so, if you look at figure 4, both the irish and the swedes have way more roh of over 5 Mb in lenth than the english (who have a really miniscule amount), the scots in aberdeen, or the mormons in utah (ceu) — in that order. in this instance, the swedes appear to have the most roh over 5 Mb, but as the authors say, when they removed the over 5 Mb individuals from the samples (i.e. the individuals most likely to be the offspring of recent cousin marriages), the irish wind up having the most and the longest roh over 1 Mb in length, so they win the overall inbreeding prize for these groups.

what the authors overlook, i think, is the longer term mating patterns of these populations. i think that the english in this study (and, it should be noted, that these are described as individuals from the south and southeast of england) have miniscule amounts of roh in their genomes because, out of all these groups, they have been outbreeding the longest (see “mating patterns in europe series” ↓ below in left-hand column) — since the early part of the middle ages, in fact. the irish and the swedes, on the other hand, have more roh because they started outbreeding much later (and, probably, too, because, like other northern populations, they’re somewhat remote and small in size) — the swedes sometime after they converted to christianity in — when was it? — ca. 1000 a.d.? and the irish, as i’ve shown in the last few posts on irish mating patterns, not until sometime towards the late medieval period — as late as the 1500s possibly.

the implication of all this is, because the irish and the swedes (and other groups in europe) inbred for longer than the english (and some of the french and dutch and germans), their societies would’ve remained clan- or extended-family based for longer than those of the english et al., and so would’ve been under different sorts of selection pressures from their social environment.

update: Supplementary Figure S5 – when the researchers removed the individuals with roh over 5Mb, i.e. those individuals who were most likely to be the offspring of cousins (see comments):

ireland - roh03 - o'dushlaine et al

previously: runs of homozygosity and inbreeding (and outbreeding) and western europeans, runs of homozygosity (roh), and outbreeding and russians, eastern europeans, runs of homozygosity (roh), and inbreeding and early and late medieval irish mating practices and clannish medieval ireland and inbreeding in europe’s periphery and early modern and modern clannish ireland and meanwhile, in ireland… and drinkin’ and fightin’ songs and mating patterns, family types, and clannishness in twentieth century ireland and inbreeding in ireland in modern times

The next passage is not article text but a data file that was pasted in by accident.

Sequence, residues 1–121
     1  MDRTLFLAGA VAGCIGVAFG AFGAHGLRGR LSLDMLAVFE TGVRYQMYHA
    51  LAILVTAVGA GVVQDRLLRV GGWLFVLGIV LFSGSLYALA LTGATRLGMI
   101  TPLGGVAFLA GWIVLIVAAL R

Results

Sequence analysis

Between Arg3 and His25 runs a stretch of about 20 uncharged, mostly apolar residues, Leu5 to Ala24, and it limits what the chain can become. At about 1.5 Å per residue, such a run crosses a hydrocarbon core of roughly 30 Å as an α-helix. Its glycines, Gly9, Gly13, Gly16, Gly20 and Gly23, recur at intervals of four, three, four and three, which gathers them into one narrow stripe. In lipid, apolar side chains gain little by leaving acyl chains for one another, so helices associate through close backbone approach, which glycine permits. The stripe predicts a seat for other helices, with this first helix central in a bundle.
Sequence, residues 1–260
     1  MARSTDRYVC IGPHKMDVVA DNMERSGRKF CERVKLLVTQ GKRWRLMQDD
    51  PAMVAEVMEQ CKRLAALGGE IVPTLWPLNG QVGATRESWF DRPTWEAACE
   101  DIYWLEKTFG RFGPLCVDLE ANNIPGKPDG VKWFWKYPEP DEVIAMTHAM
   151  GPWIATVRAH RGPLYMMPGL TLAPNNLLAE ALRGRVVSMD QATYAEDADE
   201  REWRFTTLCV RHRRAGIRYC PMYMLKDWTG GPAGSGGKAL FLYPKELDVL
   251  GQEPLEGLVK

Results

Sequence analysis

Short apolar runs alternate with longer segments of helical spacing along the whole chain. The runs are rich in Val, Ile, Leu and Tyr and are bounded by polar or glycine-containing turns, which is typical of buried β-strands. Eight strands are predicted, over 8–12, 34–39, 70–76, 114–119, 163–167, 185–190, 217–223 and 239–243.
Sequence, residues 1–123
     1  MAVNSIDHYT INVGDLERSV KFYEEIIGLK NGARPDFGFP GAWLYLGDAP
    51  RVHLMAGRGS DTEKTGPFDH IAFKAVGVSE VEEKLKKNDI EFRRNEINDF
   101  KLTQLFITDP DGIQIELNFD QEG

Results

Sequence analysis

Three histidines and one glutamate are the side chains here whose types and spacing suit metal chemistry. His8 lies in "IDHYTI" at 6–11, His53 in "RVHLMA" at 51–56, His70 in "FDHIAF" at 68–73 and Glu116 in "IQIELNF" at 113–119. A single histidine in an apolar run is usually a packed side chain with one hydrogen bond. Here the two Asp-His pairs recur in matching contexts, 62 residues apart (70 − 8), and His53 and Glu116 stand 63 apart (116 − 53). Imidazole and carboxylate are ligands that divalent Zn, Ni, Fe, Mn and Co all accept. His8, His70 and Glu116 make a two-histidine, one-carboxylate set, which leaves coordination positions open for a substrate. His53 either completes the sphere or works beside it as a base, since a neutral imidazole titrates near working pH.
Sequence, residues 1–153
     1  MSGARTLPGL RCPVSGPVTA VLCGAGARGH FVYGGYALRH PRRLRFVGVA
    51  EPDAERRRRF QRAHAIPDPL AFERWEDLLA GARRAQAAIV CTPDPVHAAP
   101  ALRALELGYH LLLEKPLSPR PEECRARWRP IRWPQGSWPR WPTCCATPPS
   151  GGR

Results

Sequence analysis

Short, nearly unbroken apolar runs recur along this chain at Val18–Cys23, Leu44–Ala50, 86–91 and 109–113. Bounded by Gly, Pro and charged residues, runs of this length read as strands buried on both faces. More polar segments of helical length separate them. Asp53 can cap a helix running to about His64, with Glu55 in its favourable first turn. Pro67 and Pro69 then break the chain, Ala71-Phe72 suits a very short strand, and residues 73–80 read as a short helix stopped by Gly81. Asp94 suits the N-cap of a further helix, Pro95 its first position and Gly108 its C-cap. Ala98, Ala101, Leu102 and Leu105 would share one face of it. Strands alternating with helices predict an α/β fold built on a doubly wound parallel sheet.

(note: comments do not require an email. clan map of ireland.)

mating patterns, family types, and clannishness in twentieth century ireland

and you thought i was finished posting about the irish. nope! that’s why darth is still up there ↑ sipping his guinness! (~_^)

however, this will be the second-to-the-last — or penultimate for those of you who like to use fancy, foreign loan words (my oed says it came from the french in the 1600s) — post on the irish. i promise. in this current series anyway. (again, if you don’t know what this is all about, you might want to start by reading what’s this all about?)

what do we have so far on the history of native irish mating patterns and family types and societal structures?:

– the medieval irish were clannish, from early in the period (and probably going back into the iron age, too) right through to at least the late-1500s. they actually lived in clans which were called fines. these fines did start to dissipate toward the end of the period, but compared to elsewhere in europe at the time (like england), the medieval irish were very, very clannish.
– the medieval irish regularly married very closely, from early in the period right through, again, to at least the late-1500s. they married cousins (possibly paternal cousins, although i don’t know that for certain), aunts, uncles … they married close. to the great annoyance of the church in rome.
something undoubtedly happened in ireland between the late-1500s and the 1800s, but i don’t know what, because i haven’t gone to the library yet.
– by the 1800s, the irish were no longer living in clans (fines), but extended families were important, and clannishness was evident in the “faction fighting” that happened during the 1700 and 1800s in ireland. faction fights were ongoing feuds between various sets of extended families and their allies.
– lots of irish folk songs from the 1700 and 1800s were related to drinking and fighting.

so, the irish did become less clannish over time from the middle ages until the modern period — actual clans disappeared to be replaced by connections between extended family members, and the people lived more in stem family households rather than extended family households (although this was probably an imposition from the outside as the english authorities altered most of the landholding and inheritance laws in late medieval/early modern ireland — and even after ireland became an independent state, it retained much of the anglo legal system). it’s likely that the mating patterns also shifted, and that the roman catholic church’s cousin marriage bans came to be more strictly enforced, but i still need to check that.

now, mating patterns, family types, and clannishness in twentieth century ireland.

by the early twentieth century, the irish in ireland generally avoided first cousin marriage, although second cousin marriage did happen not infrequently. in some more remote places, however, first cousin marriages were quite common, but these were odd pockets of populations and were not typical of the general population. people lived in stem family housesholds (that’s a nuclear family with grandparents), but the extended family — out to second cousins — was important. the faction fighting of previous centuries was gone, but (and i’m getting ahead of myself here) nepotism and patronage [pg. 18+] were common, even into the twenty-first century (recall that ireland is one of the piiggs).